Well I got up with the birds this morning and way up here at 48 N. Latitude our feathered friends are alive and singing at about 4:30 AM. I rolled out of bed to let our older dog Beanie outside and then allowed myself another hour's sleep. I didn't really mind the early get-up because today I needed to drive Larry, aka Captain Larry, to the Bellingham Marina. He is out for 4 days captaining a luxurious 50' motor yacht for one of his clients. Life is good!
I thoroughly enjoy outings and especially the drive to Bellingham. Even though it's a rather direct route up Interstate 5, it is so picturesque! The freeway is lined with dense evergreen forests and a beautiful view of Lake Samish.
Bellingham is a really great city about 45 miles north of Anacortes. It is home to Western Washington University. Everybody loves Bellingham so it's always on my itinerary for my out of town guests. The city began along the waterfront in the late 1800's and has maintained it's distinct Victorian heritage. There are wonderful restaurants, pubs, shops and coffee houses and farmer's markets; in other words, something for everyone.
From here it was off to Trader Joe's to do my weekly grocery shopping. I love Trader Joe's and Bellingham is the closest location to us. My friend Sharon had asked me to get her a jar of almond butter with flax seeds so I decided to get one for myself as well~
I had forgotten how much I enjoy this on toast in the morning. But here I am stalled out in the gluten free (mostly grain free) world, with limited bread choices. To avoid feeling discouraged and deprived, I decided to craft a really great bread--something new-- upon which to slather the almond butter; because I love almond butter almost as much as I love bread.
A rather lengthy Google search led me to a really quality blog with a very straightforward and seemingly delicious recipe for gluten free soda bread. The name of the blog is The Urban Homestead Experiment (great name!) which is written by an adorable young woman named Jamie Milks. You can find Jamie at
http://urbanhomesteadx.com/wordpress/. This is a beautiful blog with such an abundance of fine information on healthy living and eating. I really hope you will find your way over there.
I happened to have almost all of the ingredients on hand. Despite a small shortage of gluten free all purpose flower, my bread turned out really well. I had to make up the deficit with an insignificant amount of sweet sorghum flour, but the bread still tastes superb!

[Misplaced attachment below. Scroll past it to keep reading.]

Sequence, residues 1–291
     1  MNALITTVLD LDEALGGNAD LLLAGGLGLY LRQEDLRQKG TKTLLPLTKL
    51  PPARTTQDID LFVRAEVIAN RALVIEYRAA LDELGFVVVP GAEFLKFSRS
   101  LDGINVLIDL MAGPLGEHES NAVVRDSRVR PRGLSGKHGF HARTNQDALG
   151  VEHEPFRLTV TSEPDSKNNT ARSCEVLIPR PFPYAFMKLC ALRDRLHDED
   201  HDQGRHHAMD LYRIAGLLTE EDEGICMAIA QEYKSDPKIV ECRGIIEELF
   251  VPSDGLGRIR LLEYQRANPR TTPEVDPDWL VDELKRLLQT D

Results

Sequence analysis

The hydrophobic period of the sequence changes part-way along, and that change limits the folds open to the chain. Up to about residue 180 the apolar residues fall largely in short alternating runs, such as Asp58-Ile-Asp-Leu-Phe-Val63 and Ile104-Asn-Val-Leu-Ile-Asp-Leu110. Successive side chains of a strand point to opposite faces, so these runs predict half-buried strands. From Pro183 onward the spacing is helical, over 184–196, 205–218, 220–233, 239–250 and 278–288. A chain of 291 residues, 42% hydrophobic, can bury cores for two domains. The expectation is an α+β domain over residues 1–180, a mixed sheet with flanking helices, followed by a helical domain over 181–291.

Whether or not you are committed to a gluten free lifestyle, I believe that once in awhile we should give our bodies a break from wheat. Wheat gluten (a protein) is very hard on our digestive tracts and Jamie discusses this in greater length on her blog page. But her blog and recipes are not limited to gluten free. She has lots and lots of healthy whole grain ideas (including wheat). Her blog is a veritable treasure trove of great recipes and glorious photos for everything from appetizers to desserts. Again, I hope you will pay Jamie's blog a visit.
So I am including the recipe, along with my modifications, and if it interests you I hope you will give it a try~ and leave me a comment.
Oh I just got a call from Captain Larry (ship to shore) and his little group is well underway. Since I am on my own for most of the week I hope to get some sewing done. I have been refining an idea I have for a new throw pillow embellished with a chunky fabric rose. I hope to be sharing this with you in my next post! Until then, I wish you a good week and good eating!
Jamie's Gluten Free Oat Soda Bread
Scant 2 cups (7 ounces) oat flour or 2 cups (10 ounces) rolled oats
2 1/4 cup (10 ounces) all purpose gluten-free flour (I prefer Bob’s Red Mill)
1 teaspoon xantham gum (optional, see headnote)
1 3/4 teaspoon baking soda
1 1/4 teaspoon sea salt
1 3/4 cup plain almond milk (or dairy-free milk of choice)
juice of 1/2 a lemon
Preheat oven to 400 degrees. Combine the flours, xantham gum, baking soda and sea salt in a large bowl. If you are not using oat flour, place your rolled oats in the bowl of a food processor. Turn on and process for 1-2 minutes or until the consistency is a fine powder.
Measure the milk into a separate cup and add the lemon juice. Allow it to sit for 10 minutes or so. Reserve about a tablespoon of the milk to brush before making. Make a well in the center of the dry ingredients and pour the rest of the milk into the center. Stir with a wooden spoon until just combined.
Pan version: Grease a 9x5x3 inch loaf pan. Spread the dough evenly into the pan.
Free-form version: Line a baking sheet with parchment paper and grease. Dump the dough onto the prepared pan. Wet your hands so you can form the dough into a ball (the dough is sticky). Once it formed into an even bowl, flatten slightly. Using a sharp knife, run it down the middle for a deep cut, but do not cut it all the way through. Turn it 90 degrees and make another cut perpendicular to the first one.
Brush the top and sides of the dough with reserved tablespoon of milk. Optional: Sprinkle a variety of seeds on top (sesame, caraway, fennel, etc.)
Bake in the center rack for 25 minutes. After 25 minutes, raise the rack up one notch and bake for an additional 20 minutes.